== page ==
Organ donation is such a blessing to families like the Peters family whose son, Michael received a life-saving heart transplant at the age of 8 months. Michael lived a short but impactful life and his story has inspired many to register to donate their organs to help save lives. We are so grateful to have Nancy and David Peters as our guest bloggers today. Nancy Peters is an attorney who graduated from Creighton University School of Law and David Peters Ed.D is the Head of School of Mount Michael High School. They are the parents of Elizabeth, Michael and Sam.
Here is their story:
Organ donation is the gift of life. We’d like to share the story of Michael; it is the story of life because of that gift.
In 1996, when our son Michael was 5 weeks old, he was diagnosed with cardiomyopathy, a disease that replaces healthy heart tissue with fiber, resulting in heart failure. We were told that Michael would not live without a heart transplant.
As parents of a newborn, you are committed to providing your child with all of their needs – a loving family, a warm home, nourishing food, and a good education. Yet, we suddenly found ourselves unable to provide our new baby the very thing he needed to stay alive – a new heart.
Michael’s wait for a new heart lasted many months. His health deteriorated to the point where he remained hospitalized on IV cardiac medications which did their best to keep his heart pumping until a new one might become available. One very dark day, the transplant cardiologist came into Michael’s hospital room and gave us the reality of organ donation – there are not enough organs to go around, and not every child on the waiting list gets a heart. The medical staff began preparing us for the unthinkable – that we would be going home without our son.
But that very weekend, a heart became available, and in October 1996, at the age of eight months, Michael received a heart transplant. Thanks to the incredible generosity of a donor family, who at the time of their greatest anguish reached beyond their own grief to donate their child’s organs, our son received the gift of life.
Michael took that gift and used it to its fullest. For the next twenty years, Michael lived an active and wonderful life, serving as a magnificent example of the benefits of organ donations. During his early grade school years, like most children his age, Michael played sports and was active in Boy Scouts. Michael loved to do all of the things that his sister and brother did, and when you saw the three of the them together you would never guess that one of them was the recipient of a heart transplant.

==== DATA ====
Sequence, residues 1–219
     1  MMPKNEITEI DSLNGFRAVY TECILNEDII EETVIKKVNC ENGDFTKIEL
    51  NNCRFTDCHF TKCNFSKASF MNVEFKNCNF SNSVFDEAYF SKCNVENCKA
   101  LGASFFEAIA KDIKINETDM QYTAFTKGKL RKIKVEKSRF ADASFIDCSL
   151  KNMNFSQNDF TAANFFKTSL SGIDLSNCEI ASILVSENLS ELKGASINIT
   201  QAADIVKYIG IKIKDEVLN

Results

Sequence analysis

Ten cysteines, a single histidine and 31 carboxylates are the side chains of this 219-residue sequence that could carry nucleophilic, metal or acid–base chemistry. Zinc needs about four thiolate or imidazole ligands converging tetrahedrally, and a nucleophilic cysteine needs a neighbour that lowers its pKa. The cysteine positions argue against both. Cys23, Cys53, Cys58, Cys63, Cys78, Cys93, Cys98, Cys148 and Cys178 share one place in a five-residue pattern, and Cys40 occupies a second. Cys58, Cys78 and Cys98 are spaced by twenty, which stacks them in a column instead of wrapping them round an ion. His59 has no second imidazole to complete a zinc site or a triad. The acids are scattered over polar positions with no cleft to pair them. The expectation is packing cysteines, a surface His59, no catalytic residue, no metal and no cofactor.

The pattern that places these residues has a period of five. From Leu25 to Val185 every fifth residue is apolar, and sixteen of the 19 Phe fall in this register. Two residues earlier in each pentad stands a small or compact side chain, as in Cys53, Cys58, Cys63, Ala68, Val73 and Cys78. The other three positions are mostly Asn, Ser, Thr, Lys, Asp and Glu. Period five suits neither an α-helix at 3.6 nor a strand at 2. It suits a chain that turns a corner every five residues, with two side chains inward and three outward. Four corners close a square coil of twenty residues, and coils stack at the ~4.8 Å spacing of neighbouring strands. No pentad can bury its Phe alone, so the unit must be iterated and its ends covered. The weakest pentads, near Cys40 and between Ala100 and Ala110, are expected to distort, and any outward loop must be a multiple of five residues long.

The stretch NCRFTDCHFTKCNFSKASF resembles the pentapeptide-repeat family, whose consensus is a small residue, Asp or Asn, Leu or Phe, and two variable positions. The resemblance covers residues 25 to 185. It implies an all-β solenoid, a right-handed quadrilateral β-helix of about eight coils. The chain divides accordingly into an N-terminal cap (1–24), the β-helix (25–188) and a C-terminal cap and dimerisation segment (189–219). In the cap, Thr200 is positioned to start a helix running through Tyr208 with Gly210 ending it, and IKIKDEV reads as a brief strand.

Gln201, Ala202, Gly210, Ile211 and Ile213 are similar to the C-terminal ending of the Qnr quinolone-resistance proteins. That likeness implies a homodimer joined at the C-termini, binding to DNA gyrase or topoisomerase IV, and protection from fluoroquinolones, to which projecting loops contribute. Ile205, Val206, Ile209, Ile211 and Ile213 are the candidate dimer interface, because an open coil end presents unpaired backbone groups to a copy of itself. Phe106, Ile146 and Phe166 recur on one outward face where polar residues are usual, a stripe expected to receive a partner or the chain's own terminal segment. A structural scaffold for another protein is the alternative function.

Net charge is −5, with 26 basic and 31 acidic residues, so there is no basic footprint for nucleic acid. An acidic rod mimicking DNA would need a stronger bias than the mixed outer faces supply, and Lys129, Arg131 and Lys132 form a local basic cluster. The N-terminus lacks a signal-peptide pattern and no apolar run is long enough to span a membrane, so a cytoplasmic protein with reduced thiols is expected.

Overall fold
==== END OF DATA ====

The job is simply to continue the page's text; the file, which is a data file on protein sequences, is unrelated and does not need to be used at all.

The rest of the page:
Michael was very grateful for his gift of life, and he was dedicated to furthering the cause of organ donation. Michael participated in the U.S. Transplant Games many times, and he and his dad would frequently speak to groups about the benefits of organ donation.
Michael had a remarkably intelligent wit and unbeatable sense of humor which only got stronger as he got older. As Michael progressed in school, Michael became involved in speech and drama. Michael had an incredible gift for writing, and he set his goal on becoming a screenwriter.
As parents, we were very grateful for the gift that had been given to Michael, and to us. We were committed to making sure he lived life to the fullest, in gratitude for the gift he had been given. When Michael told us he wanted to go to Loyola Marymount University in Los Angeles for college to study screenwriting, we were more than a little apprehensive to have our son so far from our home in Omaha, Nebraska. However, we did not want to stand in the way of Michael using and sharing his gifts.
So off to LA Michael went, and he blossomed. He loved the screenwriting program, he loved LMU and he loved his classmates. Michael was active in theater at LMU and worked for the school newspaper, The Los Angeles Loyolan. Michael had an incredible impact on those around him. As one of his friends put it, “Only positivity and kindness. Not only was he great onstage, but more importantly off.” Michael continued his commitment to organ donation, writing a wonderful piece for The Loyolan called “My Life Was Saved by An Organ Donor.”
Unfortunately, after his sophomore year Michael’s health declined. Due to the long-term effects of the immunosuppression medication, Michael’s kidneys began to fail, which in turn caused issues for his heart. Many wonderful people stepped forward in an attempt to donate a kidney to Michael, including Nebraska 2016 Mother of the Year, Susan Venteicher. Sadly, Michael’s health deteriorated and the unthinkable happened – Michael passed away unexpectedly in January 2017.
In twenty years, Michael was able to accomplish a lifetime of good works. Michael’s life, a life made possible because of organ donation, was a particularly impactful one. So many people have told us how Michael positively influenced their lives – by encouraging them to be a better writer, a better friend, a better person. The ripple effect of Michael’s life was set forth in part in an article in the Loyolan, “Michael Peters Continues to Inspire Many”
By living life to the fullest, Michael served as the best example of the impact of organ donation.
While we have been devastated by Michael’s untimely loss, we are so very grateful for the twenty years we were blessed with Michael’s beautiful life – a life made possible by the selfless generosity of a donor family.
In memory of Michael’s beautiful life, please consider registering as an organ and tissue donor.